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Handbook of Forensic Psychiatric Practice in Capital Cases


• Explain clearly the limits of any risk assessment


• If any actuarial data is presented then emphasise that such data relates to groups and not to the defendant individually. For example, if a person is found to fall within a group who have a 40 per cent risk of committing an act of serious violence in prison then that does not equate with saying that there is a 40 per cent probability that the defendant under consideration will commit an act of serious violence


• Make clear if your risk assessment is not validated on the population or context you are considering


• Make clear the period of time over which any risk prediction applies; available data will often be gathered over a limited follow-up period


• Do not use terms like ‘high risk’ or ‘low risk’, at least without significant qualification and emphasis that risk assessment is concerned with ‘description of factors and circumstances


relevant to the individual defendant’ • Emphasise uncertainty


The worst of the worst


Tis concept is quite explicitly a legal one, in terms that capital sentencing should be reserved for those crimes considered ‘the worst of the worst’, or ‘the rarest of the rare’.


Te presence of mitigating factors, including those within the remit of the mental health expert, are highly likely to rule this out, to the extent that consideration within the test includes consideration of both the thinking and mental state of the defendant at the time he committed the offence (see above).


Even if a mental disorder defence has been unsuccessful at trial, the psychiatric data and opinion upon which the plea was based is likely to have a bearing on the sentencing. For example, if a plea of ‘diminished responsibility’ failed, not in terms of there having been no abnormality of mind but in terms of its impact having been insufficient to determine ‘substantial impairment of mental responsibility’, it might still be perceived as reducing responsibility sufficient not to apply the death penalty.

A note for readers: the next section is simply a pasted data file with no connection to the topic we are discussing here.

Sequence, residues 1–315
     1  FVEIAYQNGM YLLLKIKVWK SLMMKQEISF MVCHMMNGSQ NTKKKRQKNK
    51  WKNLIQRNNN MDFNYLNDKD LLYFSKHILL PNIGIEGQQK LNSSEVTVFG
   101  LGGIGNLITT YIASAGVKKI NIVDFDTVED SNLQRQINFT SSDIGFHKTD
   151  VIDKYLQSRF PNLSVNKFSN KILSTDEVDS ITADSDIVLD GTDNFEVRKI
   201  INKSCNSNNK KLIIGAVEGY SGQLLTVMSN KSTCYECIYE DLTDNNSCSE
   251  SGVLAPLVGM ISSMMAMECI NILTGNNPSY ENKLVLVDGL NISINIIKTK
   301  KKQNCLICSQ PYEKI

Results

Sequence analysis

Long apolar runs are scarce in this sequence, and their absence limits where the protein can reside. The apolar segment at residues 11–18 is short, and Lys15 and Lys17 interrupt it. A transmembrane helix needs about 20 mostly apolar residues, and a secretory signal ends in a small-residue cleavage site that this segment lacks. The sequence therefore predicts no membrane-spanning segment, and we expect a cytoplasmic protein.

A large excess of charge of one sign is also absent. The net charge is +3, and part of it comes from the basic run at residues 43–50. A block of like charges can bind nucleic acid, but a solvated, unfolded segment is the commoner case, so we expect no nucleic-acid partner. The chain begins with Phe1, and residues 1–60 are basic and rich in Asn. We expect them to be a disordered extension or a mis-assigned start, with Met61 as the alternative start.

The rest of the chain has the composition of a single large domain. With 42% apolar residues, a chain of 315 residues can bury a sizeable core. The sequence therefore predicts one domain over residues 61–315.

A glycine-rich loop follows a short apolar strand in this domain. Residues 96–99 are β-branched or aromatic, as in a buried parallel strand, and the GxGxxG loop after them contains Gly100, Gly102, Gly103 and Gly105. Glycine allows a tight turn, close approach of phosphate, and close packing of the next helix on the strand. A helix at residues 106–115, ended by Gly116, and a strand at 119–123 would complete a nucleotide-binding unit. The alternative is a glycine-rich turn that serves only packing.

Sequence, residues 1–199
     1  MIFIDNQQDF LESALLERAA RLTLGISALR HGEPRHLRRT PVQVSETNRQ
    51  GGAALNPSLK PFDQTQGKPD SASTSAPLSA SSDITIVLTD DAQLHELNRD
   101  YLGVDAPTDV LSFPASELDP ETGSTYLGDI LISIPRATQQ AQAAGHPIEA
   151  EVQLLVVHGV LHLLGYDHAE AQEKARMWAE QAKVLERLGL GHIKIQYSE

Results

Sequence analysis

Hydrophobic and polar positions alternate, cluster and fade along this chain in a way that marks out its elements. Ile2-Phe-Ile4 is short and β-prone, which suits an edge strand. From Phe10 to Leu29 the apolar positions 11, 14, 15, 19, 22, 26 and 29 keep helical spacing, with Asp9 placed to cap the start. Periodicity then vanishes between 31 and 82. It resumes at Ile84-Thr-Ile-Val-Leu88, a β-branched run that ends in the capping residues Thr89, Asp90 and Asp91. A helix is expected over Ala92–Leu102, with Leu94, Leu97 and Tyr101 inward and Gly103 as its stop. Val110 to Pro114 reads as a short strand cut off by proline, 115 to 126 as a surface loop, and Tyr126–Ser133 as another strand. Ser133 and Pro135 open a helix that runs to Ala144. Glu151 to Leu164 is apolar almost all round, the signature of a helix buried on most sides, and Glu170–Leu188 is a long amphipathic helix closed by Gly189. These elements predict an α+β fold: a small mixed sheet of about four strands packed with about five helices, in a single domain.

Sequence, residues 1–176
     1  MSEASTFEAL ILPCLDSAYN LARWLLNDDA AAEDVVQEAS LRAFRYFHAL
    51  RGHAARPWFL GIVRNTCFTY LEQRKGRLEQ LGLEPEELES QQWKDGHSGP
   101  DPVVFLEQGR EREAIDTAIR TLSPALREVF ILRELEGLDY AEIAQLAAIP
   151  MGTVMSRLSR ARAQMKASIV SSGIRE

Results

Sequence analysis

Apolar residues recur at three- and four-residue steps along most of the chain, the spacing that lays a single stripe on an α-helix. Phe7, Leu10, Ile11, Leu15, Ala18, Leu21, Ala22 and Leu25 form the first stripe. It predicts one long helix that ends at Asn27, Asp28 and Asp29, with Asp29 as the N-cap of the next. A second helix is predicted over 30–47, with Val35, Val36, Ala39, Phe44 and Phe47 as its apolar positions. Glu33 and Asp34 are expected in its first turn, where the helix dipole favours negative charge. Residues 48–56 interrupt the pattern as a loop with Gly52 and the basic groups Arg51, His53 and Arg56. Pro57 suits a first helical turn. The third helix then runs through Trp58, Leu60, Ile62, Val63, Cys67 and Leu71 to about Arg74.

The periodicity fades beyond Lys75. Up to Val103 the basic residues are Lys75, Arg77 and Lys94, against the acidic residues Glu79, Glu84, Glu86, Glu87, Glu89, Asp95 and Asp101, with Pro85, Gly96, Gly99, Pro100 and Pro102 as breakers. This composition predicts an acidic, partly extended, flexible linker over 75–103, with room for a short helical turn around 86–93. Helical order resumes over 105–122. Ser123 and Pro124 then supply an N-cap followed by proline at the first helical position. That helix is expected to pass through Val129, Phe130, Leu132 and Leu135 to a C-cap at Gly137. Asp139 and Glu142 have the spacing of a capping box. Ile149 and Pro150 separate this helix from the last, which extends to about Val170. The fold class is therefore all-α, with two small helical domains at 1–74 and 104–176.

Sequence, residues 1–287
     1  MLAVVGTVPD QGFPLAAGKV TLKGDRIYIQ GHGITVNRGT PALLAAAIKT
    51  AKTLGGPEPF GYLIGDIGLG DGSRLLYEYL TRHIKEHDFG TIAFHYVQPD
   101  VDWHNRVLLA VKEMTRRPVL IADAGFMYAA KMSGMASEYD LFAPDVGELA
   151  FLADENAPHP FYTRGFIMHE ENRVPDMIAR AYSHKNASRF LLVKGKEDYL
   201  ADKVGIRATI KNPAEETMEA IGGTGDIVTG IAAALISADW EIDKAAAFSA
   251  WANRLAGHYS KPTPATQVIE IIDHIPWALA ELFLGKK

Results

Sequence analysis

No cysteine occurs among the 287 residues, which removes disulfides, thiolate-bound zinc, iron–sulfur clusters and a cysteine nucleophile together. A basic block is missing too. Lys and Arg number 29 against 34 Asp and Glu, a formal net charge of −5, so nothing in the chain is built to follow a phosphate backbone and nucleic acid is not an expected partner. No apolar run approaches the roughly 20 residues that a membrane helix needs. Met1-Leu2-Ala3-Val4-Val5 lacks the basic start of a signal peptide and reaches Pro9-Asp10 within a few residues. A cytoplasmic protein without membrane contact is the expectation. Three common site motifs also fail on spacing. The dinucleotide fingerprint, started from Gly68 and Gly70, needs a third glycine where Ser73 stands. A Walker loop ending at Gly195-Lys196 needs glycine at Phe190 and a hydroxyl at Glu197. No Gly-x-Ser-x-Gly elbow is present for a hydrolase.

However, the ultimate question about whether an offence is sufficiently heinous to be considered ‘the worst of the worst’ should not be addressed by a mental health expert.


Beyond reformation


Only a defendant who has committed an offence which is ‘the worst of the worst’ and who is considered ‘beyond reformation’ will be properly sentenced to death. As already described above, psychiatric and psychological data and opinion can be directly applied to this test, both in regard to ‘risk assessment’ and in regard to ‘treatability’. Te former is naturally linked to the latter, but risk can be reduced by ‘external’ measures (such as mode of containment) and therefore without the prospect of successful treatment (which might reasonably imply ‘some measure of change within the defendant’ operating as a means towards risk management and reduction). (See generally Chapter 7)


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